**Hypothetical universes with different math. **My account also handles the dilemma, beloved among philosophers, about whether there could be universes where 2+2 actually equals 6. Such scenarios are harder than one might think. For if *our* math could still describe the natural laws of such a universe, then a description would rely on a ruleset that implies 2+2=4. This would render questionable the claim that 2+2 has been made to non-trivially equal 6. It would reduce the philosopher's dilemma into "I've hypothesized a scenario in which there's a different symbol for 4".

I believe my account is also robust against mere relabeling. If someone speaks of a math where 2+2=6, but it turns out that its entire corpus of theorems is isomorphic to regular math, then they haven’t actually proposed different truths; their “new” math can be explained away as using different symbols, and having the same relationship to reality except with a minor difference in the isomorphism in applying it to observations.

**Conclusion:** Math represents a particularly tempting case of map-territory confusion. People who normally favor naturalistic hypotheses and make such distinctions tend to grant math a special status that is not justified by the evidence. It is a tool that is useful for compressing descriptions of the universe, and for which humans have a common understanding and terminology, but no more an intrinsic part of nature than its usefulness in compressing physical laws causes it to be.

I think philosophy of math discussion on LW would probably be better if it ever referred to the thinking that has been done by professional philosophers of math. Or maybe that thinking is worthless enough that it's worth restarting from scratch (e.g. if they don't have our necessary background concepts), but then that should be noted and defended from time to time.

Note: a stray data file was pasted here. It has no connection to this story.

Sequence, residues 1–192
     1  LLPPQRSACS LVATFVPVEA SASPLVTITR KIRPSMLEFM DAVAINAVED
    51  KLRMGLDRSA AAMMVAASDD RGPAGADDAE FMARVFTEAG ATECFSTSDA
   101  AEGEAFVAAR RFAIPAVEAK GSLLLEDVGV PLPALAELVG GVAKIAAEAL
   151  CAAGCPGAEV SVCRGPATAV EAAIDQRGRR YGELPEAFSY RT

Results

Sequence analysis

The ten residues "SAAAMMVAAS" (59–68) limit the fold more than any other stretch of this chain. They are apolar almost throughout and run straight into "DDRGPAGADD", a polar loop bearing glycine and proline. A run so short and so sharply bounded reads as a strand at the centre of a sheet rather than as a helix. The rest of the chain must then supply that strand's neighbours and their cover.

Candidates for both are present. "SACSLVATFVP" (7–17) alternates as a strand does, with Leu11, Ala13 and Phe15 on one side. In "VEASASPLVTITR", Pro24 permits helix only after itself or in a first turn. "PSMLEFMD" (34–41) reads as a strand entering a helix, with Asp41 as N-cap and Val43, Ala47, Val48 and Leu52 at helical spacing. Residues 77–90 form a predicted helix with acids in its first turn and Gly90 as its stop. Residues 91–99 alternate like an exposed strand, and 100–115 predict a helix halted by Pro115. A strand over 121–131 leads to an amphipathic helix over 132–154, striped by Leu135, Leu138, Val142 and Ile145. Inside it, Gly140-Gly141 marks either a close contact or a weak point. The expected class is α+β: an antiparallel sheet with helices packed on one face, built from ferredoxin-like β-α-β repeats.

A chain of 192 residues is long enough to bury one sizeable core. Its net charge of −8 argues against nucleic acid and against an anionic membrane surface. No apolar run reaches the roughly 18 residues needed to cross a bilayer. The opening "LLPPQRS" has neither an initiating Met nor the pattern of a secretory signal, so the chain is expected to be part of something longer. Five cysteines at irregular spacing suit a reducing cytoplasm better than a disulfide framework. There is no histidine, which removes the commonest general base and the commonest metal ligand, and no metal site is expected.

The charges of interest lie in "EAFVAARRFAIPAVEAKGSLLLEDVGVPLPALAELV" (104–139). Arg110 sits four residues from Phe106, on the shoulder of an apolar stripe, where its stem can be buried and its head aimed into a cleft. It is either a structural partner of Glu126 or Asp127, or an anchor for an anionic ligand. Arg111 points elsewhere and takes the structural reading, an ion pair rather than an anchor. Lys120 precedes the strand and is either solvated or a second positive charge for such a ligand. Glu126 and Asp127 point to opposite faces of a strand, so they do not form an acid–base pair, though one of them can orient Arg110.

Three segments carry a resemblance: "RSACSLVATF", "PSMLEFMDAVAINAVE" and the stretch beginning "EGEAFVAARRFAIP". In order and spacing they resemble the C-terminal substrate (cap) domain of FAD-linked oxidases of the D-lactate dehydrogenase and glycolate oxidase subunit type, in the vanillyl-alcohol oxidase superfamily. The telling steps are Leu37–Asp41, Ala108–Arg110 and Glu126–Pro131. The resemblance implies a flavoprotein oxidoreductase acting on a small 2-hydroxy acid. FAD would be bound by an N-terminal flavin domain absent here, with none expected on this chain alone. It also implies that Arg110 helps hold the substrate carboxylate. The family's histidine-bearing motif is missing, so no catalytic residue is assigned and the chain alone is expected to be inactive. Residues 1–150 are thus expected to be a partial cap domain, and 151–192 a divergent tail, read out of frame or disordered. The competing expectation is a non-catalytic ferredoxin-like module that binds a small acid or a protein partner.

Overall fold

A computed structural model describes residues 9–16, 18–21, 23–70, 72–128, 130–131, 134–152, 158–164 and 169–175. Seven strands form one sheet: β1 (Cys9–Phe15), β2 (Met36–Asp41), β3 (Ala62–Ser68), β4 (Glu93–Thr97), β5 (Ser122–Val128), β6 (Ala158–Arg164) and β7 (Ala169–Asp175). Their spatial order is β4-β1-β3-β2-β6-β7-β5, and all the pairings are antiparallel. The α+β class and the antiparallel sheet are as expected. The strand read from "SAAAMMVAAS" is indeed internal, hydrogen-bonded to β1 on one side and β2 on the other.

I'm not yet seeing how this way of thinking about math contradicts platonism. It seems to leave unaddressed the questions that platonism purports to answer. That is, your account here is essentially independent of the ontological status of mathematical objects, operations, etc.

For example, you wrote:

This seems to leave unanswered the classical kinds of questions that gave rise to platonism, such as:

What kind of thing is this "isomorphism" of which you speak? Where does it live? It doesn't seem to be a physical thing itself, so what is it? And what about the mathematical operation that is isomorphic to the physical system? Is the mathematical operation another physical system? If so, which specific physical system is it? Is it, for example, some particular physical electronic calculator? If so, which o... (read more)

Voted up because this is a great topic that I'd like us to try and begin to tackle.

But this post really frustrating to try to respond to. Not because it is especially wrong-headed or poorly written but just because it is a little hard for me to find my way around your theory. It is difficult to find a point of traction. In general, I suspect it just isn't really solving problems but eliding distinctions and ignoring problems (just based on what I do know and the relative shortness of this compared to most other work in philosophy of math). This is pretty m... (read more)

I think there's a tautology hidden in there someplace. If two ice cubes plus two ice cubes equal one puddle of water, and two guinea pigs plus two guinea pigs equal an unspecified number of gunea pigs, you can say that isn't what you meant by addition, but I think that what you mean is that the physical isomorphism has to be arranged so that you get the answer you were expecting.

Is it true that there's always a physical isomorphism for math? My impression is that some math sits around just being math for quite a while, and then someone finds physics where ... (read more)